Family discovers Army veteran’s honors...76 years later

Family discovers Army veteran’s honors...76 years later
Updated: Jun. 20, 2022 at 9:51 PM CDT
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TOPEKA, Kan. (WIBW) - Al Holloway never knew much about his dad’s military service.

“It took 76 years to dig all this stuff up,” he told 13 NEWS.

Homer Holloway, Jr. served in World War II.

“He generally didn’t talk about it,” Al said. “We knew that he had been in the Army. We knew he was a staff sergeant. And that was about all we ever heard.”

Al said his dad did once share with him that he’d lost many friends in the fighting. When Staff Sgt. Holloway passed away in 1991, Al, his mom, and his brother decided to search for his story.

“What did he actually do? On my part, it was all just pure curiosity,” Al said.

An initial inquiry to obtain his discharge document was discouraging. A 1973 fire at the National Personnel Records Center in St. Louis destroyed most Army personnel records from 1912 to 1959.

Al kept calling around, and landed on a county recording office in Des Moines, Iowa, where his dad had lived and enlisted in the Iowa National Guard in 1940.

“(The man on the phone) went and looked, and he came back to the phone and he said, ‘Mr. Holloway, you’re probably the luckiest man on earth. For some reason, your dad took all his records - his original discharge document, his original enlistment papers - all of it - and he had it put in our office,’” Al said.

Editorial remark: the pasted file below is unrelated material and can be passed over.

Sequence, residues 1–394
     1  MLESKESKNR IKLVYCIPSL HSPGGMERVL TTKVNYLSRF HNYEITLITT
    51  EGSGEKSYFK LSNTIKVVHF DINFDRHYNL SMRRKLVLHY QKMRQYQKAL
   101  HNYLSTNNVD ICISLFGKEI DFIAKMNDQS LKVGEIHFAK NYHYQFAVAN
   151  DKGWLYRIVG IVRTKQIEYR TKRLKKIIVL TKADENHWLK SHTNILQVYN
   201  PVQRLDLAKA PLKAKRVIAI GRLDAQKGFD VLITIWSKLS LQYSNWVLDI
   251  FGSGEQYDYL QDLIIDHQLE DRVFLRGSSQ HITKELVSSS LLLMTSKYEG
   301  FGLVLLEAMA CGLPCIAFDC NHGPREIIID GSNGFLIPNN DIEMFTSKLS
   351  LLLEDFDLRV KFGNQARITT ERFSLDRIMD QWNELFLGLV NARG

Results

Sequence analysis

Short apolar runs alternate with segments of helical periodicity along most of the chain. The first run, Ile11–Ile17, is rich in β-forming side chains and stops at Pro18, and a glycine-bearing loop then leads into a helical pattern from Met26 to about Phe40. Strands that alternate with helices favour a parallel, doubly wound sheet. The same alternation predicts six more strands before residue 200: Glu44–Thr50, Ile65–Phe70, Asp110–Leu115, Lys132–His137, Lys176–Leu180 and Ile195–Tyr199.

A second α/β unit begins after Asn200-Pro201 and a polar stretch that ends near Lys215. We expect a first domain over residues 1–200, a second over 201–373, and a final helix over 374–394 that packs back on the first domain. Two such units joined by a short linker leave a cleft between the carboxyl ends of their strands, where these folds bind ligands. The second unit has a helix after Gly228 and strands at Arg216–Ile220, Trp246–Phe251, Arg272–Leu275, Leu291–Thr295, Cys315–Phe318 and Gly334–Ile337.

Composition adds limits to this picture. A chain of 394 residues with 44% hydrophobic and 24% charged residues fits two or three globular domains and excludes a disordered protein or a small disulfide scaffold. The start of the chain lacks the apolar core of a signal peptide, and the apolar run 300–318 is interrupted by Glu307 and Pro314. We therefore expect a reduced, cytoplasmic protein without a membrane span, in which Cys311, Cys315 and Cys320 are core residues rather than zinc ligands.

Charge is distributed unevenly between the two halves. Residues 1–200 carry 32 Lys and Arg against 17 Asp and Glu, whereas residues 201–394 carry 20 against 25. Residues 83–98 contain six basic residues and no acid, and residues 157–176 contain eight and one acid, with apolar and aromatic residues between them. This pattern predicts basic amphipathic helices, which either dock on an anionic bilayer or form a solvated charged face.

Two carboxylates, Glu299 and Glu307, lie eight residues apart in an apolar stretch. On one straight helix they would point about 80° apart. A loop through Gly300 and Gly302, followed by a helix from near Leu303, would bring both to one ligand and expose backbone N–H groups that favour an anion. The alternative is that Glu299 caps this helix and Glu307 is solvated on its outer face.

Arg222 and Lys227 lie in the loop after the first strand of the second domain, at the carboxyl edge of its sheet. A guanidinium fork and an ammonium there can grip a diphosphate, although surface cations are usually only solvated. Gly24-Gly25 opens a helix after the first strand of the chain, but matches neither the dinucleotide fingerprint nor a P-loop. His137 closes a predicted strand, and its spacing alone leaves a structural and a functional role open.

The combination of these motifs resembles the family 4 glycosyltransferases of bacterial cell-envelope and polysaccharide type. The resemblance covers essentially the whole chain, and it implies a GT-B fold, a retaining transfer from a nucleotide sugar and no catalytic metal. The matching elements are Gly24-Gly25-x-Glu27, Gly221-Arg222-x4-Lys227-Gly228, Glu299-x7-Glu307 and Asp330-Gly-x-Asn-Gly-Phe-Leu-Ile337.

Armed with those documents, Al went back to the Personnel Records Center. They learned Staff Sgt. Homer Holloway was involved in operations in the Admiralty Islands in the Pacific, and the Leyte invasion in the Philippines. He had been awarded a Combat Infantry Badge first award, and was was entitled to a Bronze Star, a National Defense Service Ribbon, and an Asia-Pacific ribbon.

They also suggested Al reach out to the Philippines consulate, which granted his dad more honors for his service there.

“One was a Civic Action Award for taking care of the Philippine people after they removed the Japanese,” Al said.

It’s family history and family pride.

“It means that (my dad) - and a few million other people - did some really extraordinary things, and they took some unbelievably dangerous chances doing it,” Al said.

For Al, who also served in the Army, worked in law enforcement, and now volunteers with the Civil Air Patrol, it’s also a reminder of the lessons from his father, and all of the Greatest Generation. Lessons he feels are too easily forgotten.

“I was taught to do what was right, what was honest, what was fair, and what was just,” he said.

Al will officially accept his father’s Bronze Star and other honors in a ceremony 1 p.m. Monday, June 27th, at the Kansas National Guard Museum at Forbes Field.

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